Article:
facts by reference herein and only detail specific facts as necessary to address the parties’
at 42.] His previous work experience includes working as a foreman, supervisor, and maintenance
technician. [Filing No. 13-2 at 42.] Mr. Burton seeks disability benefits because of functional
limitations due to degenerative disc disease, plantar fasciitis, kidney disease, and osteoarthritis.
[Filing No. 13-2 at 40.]
Using the five-step sequential evaluation set forth by the Social Security Administration in
20 C.F.R. § 404.1520(a)(4), the ALJ ultimately concluded that Mr. Burton is not disabled. [Filing
No. 13-2 at 32.] The ALJ found as follows:
At Step One of the analysis, the ALJ found that Mr. Burton meets the insured status
requirements of the Social Security Act and has not engaged in substantial gainful
activity since his alleged onset date.3 [Filing No. 13-2 at 28.]
At Step Two of the analysis, the ALJ found that Mr. Burton has the following severe
impairments: osteoarthritis and chronic renal failure. [Filing No. 13-2 at 28.]
At Step Three of the analysis, the ALJ concluded that Mr. Burton did not have an
impairment or combination of impairments that met or medically equaled the severity
of one of the listed impairments. [Filing No. 13-2 at 28-29.] The ALJ considered
various listings in making that conclusion, but ultimately found that Mr. Burton did not
meet any of them. [Filing No. 13-2 at 28-29.]
After Step Three but before Step Four, the ALJ found that Mr. Burton had the residual
functional capacity (“RFC”) to perform “light work as defined in 20 CFR 404.1567(b)
Substantial gainful activity is defined as work activity that is both substantial (i.e. involves
significant physical or mental activities) and gainful (i.e. work that is usually done for pay or profit,
whether or not a profit is realized). 20 C.F.R. § 404.1572(a) and 20 C.F.R. § 416.972(a).
except never operate foot controls; never climb ladders, ropes, or scaffolds.” [Filing
No. 13-2 at 29.]
At Step Four of the analysis, the ALJ found that Mr. Burton was unable to perform
“any past relevant work.” [Filing No. 13-2 at 31.]
At Step Five of the analysis, the ALJ concluded that considering Mr. Burton’s age,
education, work experience, and RFC, “there are jobs that exist in significant numbers
in the national economy that the claimant can perform.” [Filing No. 13-2 at 31.] The
ALJ relied on testimony from the vocational expert (“VE”) that identified jobs such as
marker, cashier, and ticket seller that the VE testified Mr. Burton could perform.
[Filing No. 13-2 at 31-32.]
Mr. Burton sought review of the ALJ’s decision from the Appeals Council, but that request
was denied on April 11, 2016, making the ALJ’s decision the Commissioner’s final decision
subject to judicial review. [Filing No. 13-2 at 2.] Mr. Burton now seeks judicial review under 42
U.S.C. § 405(g), asking this Court to review his denial of benefits. [Filing No. 1.]
Mr. Burton presents two overarching arguments, which the Court reorders and restates as
follows: 1) whether the ALJ erroneously gave little weight to the opinion of treating physician Dr.
Kozarek regarding Mr. Burton’s abilities to sit, stand, walk, and stoop, and 2) whether the ALJ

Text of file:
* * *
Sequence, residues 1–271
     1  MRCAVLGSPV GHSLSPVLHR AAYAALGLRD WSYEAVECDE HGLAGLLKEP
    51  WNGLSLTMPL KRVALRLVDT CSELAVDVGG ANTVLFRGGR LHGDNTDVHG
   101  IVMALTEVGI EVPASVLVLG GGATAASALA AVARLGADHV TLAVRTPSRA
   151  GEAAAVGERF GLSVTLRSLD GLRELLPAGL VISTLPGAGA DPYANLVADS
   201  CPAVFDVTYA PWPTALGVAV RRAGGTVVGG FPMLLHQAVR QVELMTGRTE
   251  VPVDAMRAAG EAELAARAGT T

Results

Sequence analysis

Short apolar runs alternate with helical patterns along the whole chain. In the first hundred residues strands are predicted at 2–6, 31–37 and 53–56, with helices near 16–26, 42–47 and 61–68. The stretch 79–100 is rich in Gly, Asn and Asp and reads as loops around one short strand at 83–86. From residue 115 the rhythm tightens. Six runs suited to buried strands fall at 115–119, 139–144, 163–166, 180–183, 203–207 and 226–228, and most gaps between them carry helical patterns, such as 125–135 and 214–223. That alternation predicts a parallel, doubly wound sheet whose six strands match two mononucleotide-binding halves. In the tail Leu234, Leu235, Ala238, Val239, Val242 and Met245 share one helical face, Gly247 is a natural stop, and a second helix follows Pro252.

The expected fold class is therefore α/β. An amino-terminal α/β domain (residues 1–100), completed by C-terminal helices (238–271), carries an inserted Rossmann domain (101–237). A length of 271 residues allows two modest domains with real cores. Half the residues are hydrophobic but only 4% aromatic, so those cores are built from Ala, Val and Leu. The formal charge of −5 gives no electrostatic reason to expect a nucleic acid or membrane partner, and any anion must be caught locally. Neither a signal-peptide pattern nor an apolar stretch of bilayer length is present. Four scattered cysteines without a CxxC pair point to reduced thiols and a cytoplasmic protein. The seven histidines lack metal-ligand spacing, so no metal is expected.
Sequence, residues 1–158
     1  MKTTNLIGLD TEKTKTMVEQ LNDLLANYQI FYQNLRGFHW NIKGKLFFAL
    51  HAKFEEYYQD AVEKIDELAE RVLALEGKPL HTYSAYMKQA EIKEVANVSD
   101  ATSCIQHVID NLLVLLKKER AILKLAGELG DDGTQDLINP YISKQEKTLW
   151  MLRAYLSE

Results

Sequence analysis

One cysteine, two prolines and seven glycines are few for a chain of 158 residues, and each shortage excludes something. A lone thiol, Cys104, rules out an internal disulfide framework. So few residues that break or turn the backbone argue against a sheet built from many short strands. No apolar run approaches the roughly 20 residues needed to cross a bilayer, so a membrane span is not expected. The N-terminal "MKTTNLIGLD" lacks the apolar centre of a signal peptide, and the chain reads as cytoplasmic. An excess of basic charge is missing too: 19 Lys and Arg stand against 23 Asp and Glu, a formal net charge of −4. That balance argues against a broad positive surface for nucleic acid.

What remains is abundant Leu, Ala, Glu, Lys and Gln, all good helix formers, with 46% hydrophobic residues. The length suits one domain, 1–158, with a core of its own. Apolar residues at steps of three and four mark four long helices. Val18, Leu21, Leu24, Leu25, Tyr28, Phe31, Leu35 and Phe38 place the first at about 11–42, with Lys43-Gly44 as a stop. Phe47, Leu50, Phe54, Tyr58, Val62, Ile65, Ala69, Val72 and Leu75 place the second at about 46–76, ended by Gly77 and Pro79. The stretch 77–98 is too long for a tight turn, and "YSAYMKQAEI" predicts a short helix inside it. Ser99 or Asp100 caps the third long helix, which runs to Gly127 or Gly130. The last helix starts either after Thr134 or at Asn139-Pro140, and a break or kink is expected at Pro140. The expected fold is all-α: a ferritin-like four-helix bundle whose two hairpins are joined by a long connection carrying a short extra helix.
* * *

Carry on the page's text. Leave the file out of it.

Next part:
erred at Step 5 by relying on irrelevant unskilled sedentary jobs to conclude that light work existed
in the national economy that Mr. Burton could perform. [Filing No. 15 at 6-17.] The Court will
address each of these issues in turn.
A. ALJ’s Consideration of Treating Physician’s Opinion
Mr. Burton argues that the ALJ failed to properly weigh the opinion of treating physician
Dr. Kozarek regarding Mr. Burton’s ability to sit, stand, walk, and stoop. [Filing No. 15 at 12-13.]
He emphasizes his extensive treatment history with Dr. Kozarek and contends that the ALJ erred
by summarily giving little weight to Dr. Kozarek’s opinion simply because she utilized a checklist
form rather than provide specific explanations for her conclusions. [Filing No. 15 at 15-16.] Mr.
Burton contends that this error impacted the ALJ’s decision at Step Five and that his case must be
reversed and remanded for further review.
In response, the Commissioner argues that the ALJ properly considered the opinion of Dr.
Kozarek. [Filing No. 18 at 7-10.] The Commissioner emphasizes that the ALJ may discredit a
medical opinion as long as she provides good reasons for doing so, such as the opinion not being
supported by the medical findings or otherwise inconsistent with other evidence in the record.
[Filing No. 18 at 8.] The Commissioner points out that the ALJ favorably cited the opinions of
three state agency medical consultants. [Filing No. 18 at 8-9.]
On reply, Mr. Burton argues that the Commissioner failed to address many of his
arguments regarding the ALJ’s alleged failure to properly consider the opinion of Dr. Kozarek.
[Filing No. 19 at 8-9.] Mr. Burton emphasizes that the Commissioner, like the ALJ, relied on nonbinding, out-of-Circuit precedent to support the ALJ’s summary dismissal of Dr. Kozarek’s
opinion conveyed on a form. [Filing No. 19 at 9-10.] Mr. Burton also argues that the Court should
reject any post hoc rationalization that the Commissioner uses to support the ALJ’s decision
because it violates the Chenery doctrine. [Filing No. 19 at 10.]
An ALJ must give a treating physician’s opinion controlling weight if it is both “(1)
supported by medical findings; and (2) consistent with substantial evidence in the record.” Elder
v. Astrue, 529 F.3d 408, 415 (7th Cir. 2008) (citation omitted). If the ALJ finds that the opinion
is not entitled to controlling weight, the ALJ must still assess the proper weight to give to the
opinion. Id. This involves consideration of several facts, including the “length, nature, and extent
of the physician and claimant’s treatment relationship, whether the physician supported his or her